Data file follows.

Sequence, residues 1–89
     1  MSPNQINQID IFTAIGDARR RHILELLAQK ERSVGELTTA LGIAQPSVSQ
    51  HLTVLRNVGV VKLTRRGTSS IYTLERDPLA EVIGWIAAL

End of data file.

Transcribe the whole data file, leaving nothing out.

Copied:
Sequence, residues 1–89
     1  MSPNQINQID IFTAIGDARR RHILELLAQK ERSVGELTTA LGIAQPSVSQ
    51  HLTVLRNVGV VKLTRRGTSS IYTLERDPLA EVIGWIAAL